I have a lousy memory. It is partly because of my ME/CFS, which affects my cognitive functions, but mostly, I reckon its just that I have a lousy memory. This is not necessarily manifested in forgetting to put the rubbish out on the appointed day when the bin men visit, missing someone’s birthday, or forgetting to buy bay leaves or toothpaste while at the supermarket, that being the main thing I went out for. Everybody does that.
No, I forget whole ideas.
Once upon a time, I knew what Hermeneutics meant. Actually, I knew quite a lot about it. Husband frequently re-explains it to me (he’s an academic, so he uses words like that all the time!). It doesn’t stick.
I’ve read dozens of books on Tudor history and the Bloomsbury Group and the Anthropology of Religion, and the theory behind abstract art.
And I’m buggered if I can remember any of it now!
The trouble is that I forget anything I haven’t written down.
But then I read Hermione Lee’s masterly biography of Virginia Woolf, and there discovered the answer:
The Reading Notebook.
Woolf was a self-educated woman who earnt a great deal of her literary reputation in the early years of her career by reviewing other people’s books. She read widely and voraciously. In order to organise her thoughts on what she read, she kept a reading notebook.
A notebook, with a margin ruled on one side, in which she inserted the date and the page of whatever book she was reading, the title of which of course was also included. And then beside the page number, she might include a quote or a reflection of her own. This allowed her to keep a record of her own thoughts and how what she was reading linked with what she already knew, or her own opinions. When the time came to write a review, she would look back over her notes and use them to craft a response to the book in question in her own elegant style.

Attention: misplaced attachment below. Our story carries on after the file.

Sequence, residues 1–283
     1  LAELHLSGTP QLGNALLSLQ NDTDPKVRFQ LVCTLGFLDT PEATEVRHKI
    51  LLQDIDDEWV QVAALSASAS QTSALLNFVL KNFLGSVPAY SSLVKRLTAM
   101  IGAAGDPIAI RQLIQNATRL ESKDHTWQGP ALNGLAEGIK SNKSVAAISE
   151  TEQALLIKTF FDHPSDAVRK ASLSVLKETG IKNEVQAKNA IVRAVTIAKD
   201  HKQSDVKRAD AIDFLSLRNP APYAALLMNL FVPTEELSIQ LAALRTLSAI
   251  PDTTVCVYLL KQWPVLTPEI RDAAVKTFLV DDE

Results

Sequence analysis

This is such a simple solution. It not only allows you to write down what is essentially an aide memoir on the subject of any book, but also means you can track your own ideas and responses to what you read. You can literally see how your own opinions develop.
I have begun to adopt this habit, and I have to tell you that it really, really helps.
I can remember what I have read, because I have made notes on it.
I am able to reflect on what I am reading, and think about my own response, rather than just letting the text flow through me, unapprehended.
I suppose this is a little like the practise of Lectio Divina, a form of mindful, contemplative reading of scriptures and religious texts which has been practised by Benedictine monks, and others, for centuries.
Yes, it can be a bit time-consuming, but I think that if you are reading something really important to you, it is worth the effort, because it helps the brain to incorporate the new information into already existing neuropathways. And fitting new information into the networks of what you already know is a method proven by psychologists to be effective for learning.
The only way to know, of course, is to try it out. Start with a cheap little notebook. An ordinary exercise book is good. I like the A5 kind because it fits in my handbag. Get out your ruler and put margins on the first few pages, if your notebook doesn’t already have them. Make sure you write down the details of which book you are writing about – title, author, edition etc. I also like to include the library reference and which library I got the book from, if appropriate.
You don’t have to write something after reading every paragraph. Just make a note when something jumps out at you. Scribble in your thoughts. Don’t be precious about how it looks. It’s a workbench for your own use, remember.
I have to say that I am getting great results with this method. I really like scribbling down thoughts as I go along in a book, especially when it is non-fiction, which I tend to read a lot of. Yes, it takes a little extra time, but I find its worth it.
Take a leaf out of Virginia Woolf’s book and try it out for yourself.